DOT shut down its headquarters last spring and discovered that telework works, but problems can crop up in a few areas.
The Transportation Department conducted a stress test last spring of its capacity to use telework as part of its disaster preparedness plans, sending eligible headquarters employees home to work during a mock snowstorm.
“It worked,” said Deputy Secretary John D. Porcari during this week’s Telework Exchange Town Hall Meeting in Washington.
But some technical and managerial challenges remain, and DOT learned some lessons about planning, education and communication.
Telework -- usually working from home but also other non-traditional work sites such as satellite offices or in the field -- is being touted in government as a way to improve productivity, increase employee satisfaction, save money, ease traffic congestion and reduce pollution by getting workers online and off the road. An increasingly networked environment with a growing availability of IP devices is making this more practical, and under the Telework Enhancement Act agencies must identify workers who are eligible to work out of the office at least some of the time and accommodate them if they wish to do so.
Telework also is becoming an important part of continuity of operations plans, and official and unofficial telework have helped to keep the wheels of government turning during Washington-area snowstorms in recent years.
At DOT, a little more than half of the employees are eligible to telework, about 28,000 out of 55,000, and about 15,000 have signed agreements to allow this. Most work outside the office one or two days for each two-week period, Porcari said, and on any given day about 3,000 across the department are working outside the office.
What happens if working outside the office is a necessity and not an option? DOT tried to find out with a test during Telework Week, an effort in the first week of March by the Telework Exchange to encourage the practice. On one day DOT “shut down” its Washington headquarters and encouraged all eligible employees to work from home instead. About 68 percent of eligible workers did, a record number, and it did stress the system.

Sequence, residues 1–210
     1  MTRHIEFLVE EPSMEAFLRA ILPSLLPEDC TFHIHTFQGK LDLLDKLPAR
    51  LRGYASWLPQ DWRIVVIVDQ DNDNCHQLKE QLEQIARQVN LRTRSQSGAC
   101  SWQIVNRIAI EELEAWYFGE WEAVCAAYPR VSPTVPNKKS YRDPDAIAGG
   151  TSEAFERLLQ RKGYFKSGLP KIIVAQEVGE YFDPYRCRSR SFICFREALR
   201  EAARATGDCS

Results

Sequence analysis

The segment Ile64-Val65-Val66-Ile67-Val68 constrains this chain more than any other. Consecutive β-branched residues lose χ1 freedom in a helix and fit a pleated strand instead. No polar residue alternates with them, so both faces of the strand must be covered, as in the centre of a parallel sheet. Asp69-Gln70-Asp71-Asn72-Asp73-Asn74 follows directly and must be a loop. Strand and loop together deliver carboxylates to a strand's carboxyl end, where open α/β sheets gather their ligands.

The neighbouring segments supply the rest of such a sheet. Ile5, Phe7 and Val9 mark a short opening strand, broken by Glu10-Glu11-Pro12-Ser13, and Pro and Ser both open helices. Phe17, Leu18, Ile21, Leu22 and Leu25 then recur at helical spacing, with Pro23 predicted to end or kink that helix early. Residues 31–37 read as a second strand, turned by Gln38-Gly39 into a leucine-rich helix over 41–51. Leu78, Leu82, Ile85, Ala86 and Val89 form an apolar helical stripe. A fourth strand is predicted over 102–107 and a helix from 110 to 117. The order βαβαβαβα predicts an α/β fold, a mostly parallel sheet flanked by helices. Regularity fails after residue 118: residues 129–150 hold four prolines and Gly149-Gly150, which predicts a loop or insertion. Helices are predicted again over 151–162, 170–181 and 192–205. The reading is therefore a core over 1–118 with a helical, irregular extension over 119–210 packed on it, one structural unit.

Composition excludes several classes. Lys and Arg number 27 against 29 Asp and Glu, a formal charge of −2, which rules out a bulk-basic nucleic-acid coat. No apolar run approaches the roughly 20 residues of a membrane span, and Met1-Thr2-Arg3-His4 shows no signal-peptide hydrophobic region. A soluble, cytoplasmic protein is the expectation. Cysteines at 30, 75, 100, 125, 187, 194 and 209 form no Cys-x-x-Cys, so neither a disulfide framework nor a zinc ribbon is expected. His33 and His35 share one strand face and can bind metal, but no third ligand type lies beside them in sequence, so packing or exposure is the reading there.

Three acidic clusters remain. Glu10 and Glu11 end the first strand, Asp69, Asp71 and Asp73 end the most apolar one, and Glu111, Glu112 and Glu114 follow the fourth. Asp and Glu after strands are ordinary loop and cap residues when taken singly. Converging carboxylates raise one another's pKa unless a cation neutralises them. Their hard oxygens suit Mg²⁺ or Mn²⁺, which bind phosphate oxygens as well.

“We did experience some technical issues,” Porcari said. Here are some of the lessons learned.
“Build more capacity than you think you’ll use,” he said. The department thought it had enough licenses for its secure remote desktop used to access department resources, but found it needed to get more on the fly to accommodate the surge in use. The network also must be able to handle an increase in traffic for routine work usually being done inside the perimeter.
There also was a spike in help desk calls, which raises two points. First, you have to have the desk staffed to handle the calls; and second, workers need to be familiar with the tools, processes and policies of working remotely. Those who work from outside regularly probably won’t have a problem — as long as the networks hold up — but those without telework experience are likely to need a helping hand.
Supervisors and front-line employees need to establish clear expectations for telework, even if the workers don’t use the option very often, so that when the crunch comes both sides will feel comfortable with it. Unfortunately, management resistance remains one of roadblocks to telework, Porcari said. “This is a conceptual change.”
One problem that has not appeared so far in teleworking is security. Like every other agency, “we’ve had some pretty significant cyber events,” Porcari said, but they have not increased with the adoption of telework, and none appears to be related to outside workers.
DOT plans to expand its stress test to facilities across the nation sometime this fall.